The Gospel according to Matthew is an interesting book.  Many seem to see a parallel between Mattew’s Gospel and the five books of the Torah, seeing five sets of narratives and discourse meant to build that parallel.  When looking at Matthew, it becomes pretty obvious that the book of Matthew is all about Jesus fulfilling the role of the Messiah.  We see time and again how the life of Jesus fulfills the Old Testament prophecies of who the Messiah was to be and His role and purpose.

All in all, i’m looking forward to studying this deeper and getting a better feel for what sets Matthew apart from the other gospels.  Come join me on this journey.

 

John J. Camiolo Jr.

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Filed under Bible, Gospels, Introduction, Matthew, New Testament

Exodus 31 – Work & Rest

In the New Testament there is a listing(s) of spiritual gifts.  Gifts given to the people of the body of Christ in order to strengthen the body and to help the people do the work of ministry.  There are people who debate about how many “gifts” are actually represented in the list(s) and what it all means.  It can be an interesting conversation sometimes trying to process through the information, but the conversation of the gifts of Spirit will oftentimes come back to the Old Testament.  To Exodus 31.  Why?  “See, I have called by name Bezalel, the son of Uri, the son of Hur, of the tribe of Judah.  I have filled him with the Spirit of God in wisdom, in understanding, in knowledge, and in all kinds of craftsmanship, to make artistic designs for work in gold, in silver, and in bronze, and in the cutting of stones for settings, and in the carving of wood, that he may work in all kinds of craftsmanship.”  Suddenly, there is a whole new discussion.  Are there “gifts” of the Spirit that we don’t even know about?  YHWH gave this man and others gifts to be able to do the work of building the tabernacle and all that was to be in it.  They were given gifts of the Spirit for the building up of the people and the work of service, yet craftsmanship is not listed in the New Testament gifts.  It certainly gives you pause to think.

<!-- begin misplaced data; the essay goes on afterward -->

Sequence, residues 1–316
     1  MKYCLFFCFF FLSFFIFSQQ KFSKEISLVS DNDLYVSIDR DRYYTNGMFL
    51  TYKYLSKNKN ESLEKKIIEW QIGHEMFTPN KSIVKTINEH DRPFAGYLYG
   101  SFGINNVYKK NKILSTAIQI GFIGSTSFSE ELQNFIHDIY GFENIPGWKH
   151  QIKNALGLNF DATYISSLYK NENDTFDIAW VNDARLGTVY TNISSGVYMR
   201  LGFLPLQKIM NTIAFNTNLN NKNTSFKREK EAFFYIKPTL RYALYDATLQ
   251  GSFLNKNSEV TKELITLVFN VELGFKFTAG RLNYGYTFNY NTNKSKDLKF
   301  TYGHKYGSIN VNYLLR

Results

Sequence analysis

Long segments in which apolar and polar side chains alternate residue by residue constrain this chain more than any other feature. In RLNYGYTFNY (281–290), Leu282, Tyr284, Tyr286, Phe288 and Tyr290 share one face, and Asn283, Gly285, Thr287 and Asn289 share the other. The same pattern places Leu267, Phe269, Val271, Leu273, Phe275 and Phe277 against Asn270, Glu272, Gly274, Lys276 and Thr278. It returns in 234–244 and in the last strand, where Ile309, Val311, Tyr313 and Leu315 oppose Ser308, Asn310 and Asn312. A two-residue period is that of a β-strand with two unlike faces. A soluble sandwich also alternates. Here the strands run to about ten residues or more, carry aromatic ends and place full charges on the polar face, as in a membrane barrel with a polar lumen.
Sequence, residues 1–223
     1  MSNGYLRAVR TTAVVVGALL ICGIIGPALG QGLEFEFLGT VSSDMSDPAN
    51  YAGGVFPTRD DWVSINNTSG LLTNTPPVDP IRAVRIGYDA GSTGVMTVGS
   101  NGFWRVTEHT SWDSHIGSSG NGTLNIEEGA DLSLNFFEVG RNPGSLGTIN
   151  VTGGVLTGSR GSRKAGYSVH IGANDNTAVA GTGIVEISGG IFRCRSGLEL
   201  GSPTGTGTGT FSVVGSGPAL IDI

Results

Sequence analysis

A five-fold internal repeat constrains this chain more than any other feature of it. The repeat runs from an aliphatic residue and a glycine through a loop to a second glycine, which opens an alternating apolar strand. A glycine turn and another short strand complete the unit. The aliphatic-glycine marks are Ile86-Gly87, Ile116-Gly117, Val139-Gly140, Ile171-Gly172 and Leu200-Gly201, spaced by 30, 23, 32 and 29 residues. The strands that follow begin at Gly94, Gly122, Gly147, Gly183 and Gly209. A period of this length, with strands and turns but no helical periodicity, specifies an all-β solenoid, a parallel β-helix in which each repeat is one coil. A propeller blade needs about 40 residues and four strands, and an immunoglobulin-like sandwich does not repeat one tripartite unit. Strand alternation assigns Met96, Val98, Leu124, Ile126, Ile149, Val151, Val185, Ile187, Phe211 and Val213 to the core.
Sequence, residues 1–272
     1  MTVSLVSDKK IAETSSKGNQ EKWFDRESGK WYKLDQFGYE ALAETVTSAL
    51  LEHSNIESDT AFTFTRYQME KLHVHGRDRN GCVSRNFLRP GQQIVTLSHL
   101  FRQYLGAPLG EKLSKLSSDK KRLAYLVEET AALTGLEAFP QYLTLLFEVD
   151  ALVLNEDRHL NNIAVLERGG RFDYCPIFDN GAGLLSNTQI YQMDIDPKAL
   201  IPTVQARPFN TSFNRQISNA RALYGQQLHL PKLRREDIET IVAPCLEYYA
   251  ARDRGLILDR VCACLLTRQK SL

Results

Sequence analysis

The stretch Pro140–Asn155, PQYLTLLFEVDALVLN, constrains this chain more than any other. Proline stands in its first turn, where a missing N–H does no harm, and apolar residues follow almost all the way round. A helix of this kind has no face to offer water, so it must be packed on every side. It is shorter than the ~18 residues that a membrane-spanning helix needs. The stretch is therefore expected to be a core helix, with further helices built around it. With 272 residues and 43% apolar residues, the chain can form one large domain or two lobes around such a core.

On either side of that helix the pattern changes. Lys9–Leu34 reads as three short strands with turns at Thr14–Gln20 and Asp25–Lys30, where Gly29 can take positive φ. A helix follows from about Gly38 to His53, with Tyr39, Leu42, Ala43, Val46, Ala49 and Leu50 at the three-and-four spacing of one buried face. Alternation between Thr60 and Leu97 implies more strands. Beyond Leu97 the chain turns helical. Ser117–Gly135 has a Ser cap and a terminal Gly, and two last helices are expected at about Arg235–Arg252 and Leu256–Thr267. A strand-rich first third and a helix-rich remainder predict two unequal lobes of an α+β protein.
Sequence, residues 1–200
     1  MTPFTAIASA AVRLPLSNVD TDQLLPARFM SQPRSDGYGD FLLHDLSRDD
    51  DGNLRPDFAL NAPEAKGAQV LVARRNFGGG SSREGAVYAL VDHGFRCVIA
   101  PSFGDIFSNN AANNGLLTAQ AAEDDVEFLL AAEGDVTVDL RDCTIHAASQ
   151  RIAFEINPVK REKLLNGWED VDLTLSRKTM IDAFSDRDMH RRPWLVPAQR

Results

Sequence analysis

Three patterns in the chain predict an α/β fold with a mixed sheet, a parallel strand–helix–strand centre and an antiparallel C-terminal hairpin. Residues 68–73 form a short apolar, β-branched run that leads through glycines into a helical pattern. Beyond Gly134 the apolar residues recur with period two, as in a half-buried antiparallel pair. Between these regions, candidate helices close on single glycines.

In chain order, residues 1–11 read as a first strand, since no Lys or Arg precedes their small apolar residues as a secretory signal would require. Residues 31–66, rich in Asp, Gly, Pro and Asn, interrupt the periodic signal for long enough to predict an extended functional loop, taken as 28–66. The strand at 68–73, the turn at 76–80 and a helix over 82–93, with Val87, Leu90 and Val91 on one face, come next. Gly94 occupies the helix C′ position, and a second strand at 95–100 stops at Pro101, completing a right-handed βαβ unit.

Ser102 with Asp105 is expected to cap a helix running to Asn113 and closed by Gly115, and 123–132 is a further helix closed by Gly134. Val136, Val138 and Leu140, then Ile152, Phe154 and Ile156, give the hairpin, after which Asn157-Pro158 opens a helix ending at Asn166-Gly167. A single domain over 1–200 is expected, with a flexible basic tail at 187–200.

I would so love to see the work that was done by these people.  I can only imagine the beauty and craftsmanship of their work.  To see the alter and the tabernacle.  To smell the incense and the sacrifice.  To hear the sounds of the work and the worship.  What beauty.  But, it is not a privilege that i will have on this side of eternity.

The other key aspect of this chapter is its focus on the Sabbath.  Six days are for work, and one for rest.  God takes that command very seriously, even when we don’t.  We know that we should be taking a day of rest, but how often do we truly take a Sabbath?  Aren’t we working around the house, or in the yard, or preparing for work, or some other “important” task.  I know that many times i’m teaching a class on Sunday mornings.  Monday through Friday i’m teaching college level psychology in the high-school.  Wednesday through Saturday i’m working with boys and young men who have low IQ’s and behavioral problems.  Add to that the time spent working around the house, and that i am working on this project almost every day, and it all adds up to working 7 days a week almost every day of the year.  I know i’m not the only one who does this kind of thing.  So if God’s word is so important, and He takes the Sabbath so seriously, why don’t we?